J.K. Simmons won an Oscar last month as best supporting actor. Although you might not know his name, most of you will recognize him because he is a character actor who has taken on a huge variety of roles over the years. His character is so abusive, that it is hard to believe that he could have kept his job at any college, and especially one that receives the finest young talent in the country.

Interestingly, Simmons’ father was Director of the School of Music at the University of Montana where J.K graduated with a degree in music. Simmons plays a beautiful piano solo in one scene in the film

Miles Teller is a young actor/musician with tremendous range in the role of Andrew. He plays a character that most of us will never meet unless we attend school at Juilliard. Miles is 28 years old and has appeared in quite a few films before Whiplash. Then name “Whiplash” refers to a challenging jazz orchestra arrangement which Andrew and his fellow student musicians need to master. The name also references the dynamics of Andrew’s relationship with his teacher.

Surprisingly, the film comes across as a suspenseful thriller. The jazz soundtrack is glorious, and even though Whiplash is about musicians, the film will keep you at the edge of your seat with its driving energy fueled by the music.

You don’t have to be a musician to appreciate the universal themes which include the quest for the greatest success in the arts and in life, the relationship between student and teacher, and the price that artists may have to pay to be the very best.

I give Whiplash 4 of 5 Blogfingers, and you should see it in a cinema with a superb sound system.  What a waste to rent or stream it and play it on your puny TV speakers.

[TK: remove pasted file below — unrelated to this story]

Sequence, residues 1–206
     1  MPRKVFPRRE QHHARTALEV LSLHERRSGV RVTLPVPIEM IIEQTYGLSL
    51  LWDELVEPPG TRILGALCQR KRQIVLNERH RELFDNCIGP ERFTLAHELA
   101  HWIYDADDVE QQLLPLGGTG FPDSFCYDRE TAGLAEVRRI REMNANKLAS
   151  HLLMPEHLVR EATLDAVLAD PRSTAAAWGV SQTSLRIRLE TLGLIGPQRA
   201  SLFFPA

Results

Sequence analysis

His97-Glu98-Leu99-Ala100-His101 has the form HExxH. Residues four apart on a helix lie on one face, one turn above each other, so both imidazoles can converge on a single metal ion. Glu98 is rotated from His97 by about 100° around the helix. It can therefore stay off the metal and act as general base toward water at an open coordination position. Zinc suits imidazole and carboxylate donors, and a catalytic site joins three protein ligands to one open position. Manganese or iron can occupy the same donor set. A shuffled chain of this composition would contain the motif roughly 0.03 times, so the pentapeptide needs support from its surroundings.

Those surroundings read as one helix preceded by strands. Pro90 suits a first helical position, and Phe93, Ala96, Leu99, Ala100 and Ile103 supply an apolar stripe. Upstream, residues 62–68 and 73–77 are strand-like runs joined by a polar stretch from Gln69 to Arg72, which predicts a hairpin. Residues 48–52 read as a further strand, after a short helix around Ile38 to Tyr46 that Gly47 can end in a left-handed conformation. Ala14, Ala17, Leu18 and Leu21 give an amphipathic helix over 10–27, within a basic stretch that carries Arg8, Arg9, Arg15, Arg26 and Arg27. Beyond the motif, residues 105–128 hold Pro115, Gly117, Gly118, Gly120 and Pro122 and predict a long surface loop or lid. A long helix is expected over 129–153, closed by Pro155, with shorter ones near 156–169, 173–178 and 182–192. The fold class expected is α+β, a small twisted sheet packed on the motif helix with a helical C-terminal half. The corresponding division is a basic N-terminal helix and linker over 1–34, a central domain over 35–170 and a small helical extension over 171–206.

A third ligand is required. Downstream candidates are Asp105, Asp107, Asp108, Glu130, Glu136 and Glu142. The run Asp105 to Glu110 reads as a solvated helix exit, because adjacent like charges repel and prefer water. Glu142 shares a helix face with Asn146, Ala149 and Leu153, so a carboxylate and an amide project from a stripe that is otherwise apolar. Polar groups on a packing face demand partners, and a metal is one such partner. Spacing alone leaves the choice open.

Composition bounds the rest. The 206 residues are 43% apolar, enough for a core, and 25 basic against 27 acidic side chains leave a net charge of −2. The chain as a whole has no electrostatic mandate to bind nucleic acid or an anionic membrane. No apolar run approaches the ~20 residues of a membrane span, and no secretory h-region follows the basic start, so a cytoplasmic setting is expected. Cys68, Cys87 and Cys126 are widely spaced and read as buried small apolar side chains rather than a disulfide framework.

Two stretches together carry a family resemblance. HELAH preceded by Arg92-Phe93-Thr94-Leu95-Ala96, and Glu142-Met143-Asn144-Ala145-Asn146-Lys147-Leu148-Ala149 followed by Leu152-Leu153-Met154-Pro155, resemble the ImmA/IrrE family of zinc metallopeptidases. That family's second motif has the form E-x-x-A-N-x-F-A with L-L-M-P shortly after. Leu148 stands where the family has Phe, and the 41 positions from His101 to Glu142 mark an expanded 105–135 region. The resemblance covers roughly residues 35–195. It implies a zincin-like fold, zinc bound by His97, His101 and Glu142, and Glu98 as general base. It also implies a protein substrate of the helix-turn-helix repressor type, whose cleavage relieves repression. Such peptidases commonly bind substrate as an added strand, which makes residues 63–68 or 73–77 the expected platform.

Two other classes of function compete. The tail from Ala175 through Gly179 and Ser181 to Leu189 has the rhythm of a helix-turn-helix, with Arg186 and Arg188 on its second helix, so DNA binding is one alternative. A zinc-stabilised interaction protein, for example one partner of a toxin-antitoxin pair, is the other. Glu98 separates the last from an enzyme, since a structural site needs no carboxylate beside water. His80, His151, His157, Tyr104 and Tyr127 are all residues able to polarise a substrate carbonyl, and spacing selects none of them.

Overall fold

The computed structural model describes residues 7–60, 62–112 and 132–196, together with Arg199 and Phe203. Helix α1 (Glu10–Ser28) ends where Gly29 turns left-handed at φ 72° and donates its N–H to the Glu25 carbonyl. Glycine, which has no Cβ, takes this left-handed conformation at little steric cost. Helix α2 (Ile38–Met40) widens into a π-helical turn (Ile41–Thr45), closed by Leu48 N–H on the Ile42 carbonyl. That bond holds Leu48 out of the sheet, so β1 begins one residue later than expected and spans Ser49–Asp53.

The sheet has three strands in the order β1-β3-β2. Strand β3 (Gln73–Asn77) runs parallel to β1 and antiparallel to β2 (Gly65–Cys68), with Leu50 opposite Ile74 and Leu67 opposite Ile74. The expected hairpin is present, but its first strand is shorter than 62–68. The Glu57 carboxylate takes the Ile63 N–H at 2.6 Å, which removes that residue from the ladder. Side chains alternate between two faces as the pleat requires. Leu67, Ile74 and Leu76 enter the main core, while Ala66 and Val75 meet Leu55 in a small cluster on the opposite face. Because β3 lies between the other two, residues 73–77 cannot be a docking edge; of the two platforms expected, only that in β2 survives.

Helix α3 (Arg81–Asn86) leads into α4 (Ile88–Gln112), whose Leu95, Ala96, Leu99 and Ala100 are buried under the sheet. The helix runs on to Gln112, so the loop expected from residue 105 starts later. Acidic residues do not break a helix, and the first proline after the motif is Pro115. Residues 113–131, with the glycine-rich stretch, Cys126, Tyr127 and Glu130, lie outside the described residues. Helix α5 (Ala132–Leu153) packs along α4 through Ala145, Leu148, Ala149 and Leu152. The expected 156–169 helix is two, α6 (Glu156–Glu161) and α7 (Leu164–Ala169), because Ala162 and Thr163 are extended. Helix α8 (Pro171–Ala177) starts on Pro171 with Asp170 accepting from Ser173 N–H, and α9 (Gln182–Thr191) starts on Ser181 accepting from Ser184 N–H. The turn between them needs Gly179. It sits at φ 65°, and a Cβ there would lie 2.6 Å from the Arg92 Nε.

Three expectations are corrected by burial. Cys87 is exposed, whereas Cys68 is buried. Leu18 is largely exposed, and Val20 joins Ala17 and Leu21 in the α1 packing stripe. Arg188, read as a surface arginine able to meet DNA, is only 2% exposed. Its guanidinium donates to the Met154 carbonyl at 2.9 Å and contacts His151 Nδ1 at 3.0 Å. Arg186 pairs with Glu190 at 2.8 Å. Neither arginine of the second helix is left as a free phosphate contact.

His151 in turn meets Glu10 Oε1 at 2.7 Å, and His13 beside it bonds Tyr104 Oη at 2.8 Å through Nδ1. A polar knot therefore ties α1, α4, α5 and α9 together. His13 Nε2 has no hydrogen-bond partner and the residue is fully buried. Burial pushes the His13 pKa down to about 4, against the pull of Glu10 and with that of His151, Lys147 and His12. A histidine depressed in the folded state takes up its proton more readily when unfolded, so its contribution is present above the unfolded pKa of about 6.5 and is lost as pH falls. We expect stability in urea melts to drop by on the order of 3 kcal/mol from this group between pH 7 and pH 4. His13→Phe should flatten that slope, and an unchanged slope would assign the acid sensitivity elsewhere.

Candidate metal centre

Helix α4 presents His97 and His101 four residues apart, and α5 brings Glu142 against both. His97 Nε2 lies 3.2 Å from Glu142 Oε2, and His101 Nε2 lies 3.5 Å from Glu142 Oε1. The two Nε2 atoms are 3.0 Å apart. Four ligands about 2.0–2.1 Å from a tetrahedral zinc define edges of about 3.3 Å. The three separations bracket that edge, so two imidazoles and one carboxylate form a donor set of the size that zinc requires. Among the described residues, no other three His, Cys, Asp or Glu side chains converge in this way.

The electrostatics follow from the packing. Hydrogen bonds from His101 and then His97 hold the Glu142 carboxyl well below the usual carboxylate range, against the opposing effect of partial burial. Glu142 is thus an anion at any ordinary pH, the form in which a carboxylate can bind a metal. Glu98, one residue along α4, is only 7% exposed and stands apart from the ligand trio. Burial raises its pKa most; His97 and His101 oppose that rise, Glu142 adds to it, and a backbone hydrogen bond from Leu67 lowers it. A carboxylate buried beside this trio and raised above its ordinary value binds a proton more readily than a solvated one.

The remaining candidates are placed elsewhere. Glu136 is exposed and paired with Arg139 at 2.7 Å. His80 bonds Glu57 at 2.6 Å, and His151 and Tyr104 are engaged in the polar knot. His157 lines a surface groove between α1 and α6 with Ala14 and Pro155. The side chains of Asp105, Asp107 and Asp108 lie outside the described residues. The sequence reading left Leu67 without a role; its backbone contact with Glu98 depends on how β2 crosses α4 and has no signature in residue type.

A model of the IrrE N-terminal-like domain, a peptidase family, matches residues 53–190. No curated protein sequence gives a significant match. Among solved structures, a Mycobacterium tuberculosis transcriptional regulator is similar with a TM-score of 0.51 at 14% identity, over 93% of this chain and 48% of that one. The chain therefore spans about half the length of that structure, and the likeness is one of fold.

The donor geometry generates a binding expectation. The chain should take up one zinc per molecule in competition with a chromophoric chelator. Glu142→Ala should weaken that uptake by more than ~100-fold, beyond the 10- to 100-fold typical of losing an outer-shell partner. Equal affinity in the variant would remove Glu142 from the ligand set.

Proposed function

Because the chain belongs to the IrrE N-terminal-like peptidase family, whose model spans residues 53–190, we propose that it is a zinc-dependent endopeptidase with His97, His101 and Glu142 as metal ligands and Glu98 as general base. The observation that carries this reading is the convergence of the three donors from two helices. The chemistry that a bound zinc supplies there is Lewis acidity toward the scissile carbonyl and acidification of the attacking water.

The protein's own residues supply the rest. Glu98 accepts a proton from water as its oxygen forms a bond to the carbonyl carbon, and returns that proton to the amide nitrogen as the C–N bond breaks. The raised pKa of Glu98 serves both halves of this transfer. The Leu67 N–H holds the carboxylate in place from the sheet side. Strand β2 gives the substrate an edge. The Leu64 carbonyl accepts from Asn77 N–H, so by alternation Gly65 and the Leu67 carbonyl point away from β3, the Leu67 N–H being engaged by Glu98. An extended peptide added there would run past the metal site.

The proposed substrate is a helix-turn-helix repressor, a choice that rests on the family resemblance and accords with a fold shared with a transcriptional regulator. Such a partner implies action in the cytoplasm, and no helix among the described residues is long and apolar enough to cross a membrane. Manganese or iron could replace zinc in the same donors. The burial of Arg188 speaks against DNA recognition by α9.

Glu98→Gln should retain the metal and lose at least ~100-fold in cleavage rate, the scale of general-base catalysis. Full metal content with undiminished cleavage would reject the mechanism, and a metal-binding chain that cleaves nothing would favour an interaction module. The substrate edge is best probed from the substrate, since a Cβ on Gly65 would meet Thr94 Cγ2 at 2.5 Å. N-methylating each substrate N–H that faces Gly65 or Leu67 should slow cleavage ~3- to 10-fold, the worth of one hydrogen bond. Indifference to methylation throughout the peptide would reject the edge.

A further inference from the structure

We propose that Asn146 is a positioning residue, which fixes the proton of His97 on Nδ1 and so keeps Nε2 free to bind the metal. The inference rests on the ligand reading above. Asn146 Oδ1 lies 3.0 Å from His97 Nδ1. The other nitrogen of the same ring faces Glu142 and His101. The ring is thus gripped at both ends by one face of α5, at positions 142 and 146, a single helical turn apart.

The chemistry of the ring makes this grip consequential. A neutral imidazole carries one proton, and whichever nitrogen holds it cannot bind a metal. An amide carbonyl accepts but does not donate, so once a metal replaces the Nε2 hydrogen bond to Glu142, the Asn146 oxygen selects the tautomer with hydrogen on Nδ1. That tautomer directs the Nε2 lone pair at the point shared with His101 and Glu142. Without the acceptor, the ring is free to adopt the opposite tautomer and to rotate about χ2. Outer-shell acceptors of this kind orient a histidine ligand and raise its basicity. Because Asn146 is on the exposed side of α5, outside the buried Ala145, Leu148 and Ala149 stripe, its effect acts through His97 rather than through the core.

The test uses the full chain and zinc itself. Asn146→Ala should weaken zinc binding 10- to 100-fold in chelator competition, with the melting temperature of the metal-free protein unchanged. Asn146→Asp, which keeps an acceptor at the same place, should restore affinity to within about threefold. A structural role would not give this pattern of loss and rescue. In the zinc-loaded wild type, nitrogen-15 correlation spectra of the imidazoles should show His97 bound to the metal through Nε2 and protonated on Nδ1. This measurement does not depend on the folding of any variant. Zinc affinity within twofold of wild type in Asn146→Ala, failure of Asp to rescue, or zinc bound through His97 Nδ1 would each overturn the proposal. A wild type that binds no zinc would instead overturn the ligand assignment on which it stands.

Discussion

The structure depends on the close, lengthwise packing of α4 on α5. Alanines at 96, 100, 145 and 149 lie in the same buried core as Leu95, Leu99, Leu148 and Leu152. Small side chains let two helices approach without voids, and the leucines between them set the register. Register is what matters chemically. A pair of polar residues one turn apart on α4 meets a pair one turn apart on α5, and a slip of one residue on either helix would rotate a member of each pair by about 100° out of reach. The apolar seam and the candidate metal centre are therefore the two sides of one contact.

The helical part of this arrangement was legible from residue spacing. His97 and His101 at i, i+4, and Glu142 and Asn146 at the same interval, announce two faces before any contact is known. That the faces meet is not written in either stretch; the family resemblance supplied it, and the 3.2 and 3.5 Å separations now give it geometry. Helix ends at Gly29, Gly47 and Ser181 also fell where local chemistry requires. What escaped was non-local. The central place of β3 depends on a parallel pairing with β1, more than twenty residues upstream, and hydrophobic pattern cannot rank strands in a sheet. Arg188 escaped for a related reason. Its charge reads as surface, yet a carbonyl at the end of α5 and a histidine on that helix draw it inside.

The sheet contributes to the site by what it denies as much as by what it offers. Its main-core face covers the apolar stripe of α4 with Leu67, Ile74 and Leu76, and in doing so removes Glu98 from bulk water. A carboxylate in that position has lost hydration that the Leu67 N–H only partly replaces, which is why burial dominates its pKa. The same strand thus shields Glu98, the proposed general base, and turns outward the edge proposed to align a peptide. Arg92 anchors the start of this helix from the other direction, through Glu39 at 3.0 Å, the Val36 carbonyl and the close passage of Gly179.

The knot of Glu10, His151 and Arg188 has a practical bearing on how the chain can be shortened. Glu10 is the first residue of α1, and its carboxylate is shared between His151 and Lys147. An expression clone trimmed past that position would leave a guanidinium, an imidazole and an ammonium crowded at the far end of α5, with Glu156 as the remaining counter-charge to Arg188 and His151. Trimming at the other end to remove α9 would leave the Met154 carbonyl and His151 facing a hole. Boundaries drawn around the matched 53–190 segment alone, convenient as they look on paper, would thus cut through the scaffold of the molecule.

JOHN WASSON  (from the movie score of Whiplash)  “Caravan”

—Paul Goldfinger, Editor @Blogfinger

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Sunday morning after the snow. It's drizzling, a bit warmer, and there is snow that needs to be removed from both sides of my car.

Sunday morning after the snow. It’s drizzling, a bit warmer, and there is snow that needs to be removed from both sides of my car.

Swinging My Way to Snow Removal

Text and photo by Lee Morgan, contributing Grover  @Blogfinger.

Grrrr!!!    Don’t feel like going out and getting wet and cold, but…. Energy is the boost I need!  Music to get the adrenaline going. 

I’m listening to Walter Davis, Jr’s. “Scorpio Rising” which he recorded several times during his life. This particular piece was recorded in 1989 with Santi Debriano on bass and Ralph Peterson on drums.  

As I close the door behind me and enter the snowy ground, I can still hear the pulsing rhythm and Mr. Davis’s closing bars. 

WALTER DAVIS, JR. AND TRIO:  “Scorpio Rising.”

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By Paul Goldfinger.  NOvember 4, 2014.  ©

Ocean Township.   By Paul Goldfinger. November 4, 2014. ©  Click to enlarge.

ALEXIS COLE.  “Indian Summer” from her album A Kiss in the Dark.

Alexis Cole

Alexis Cole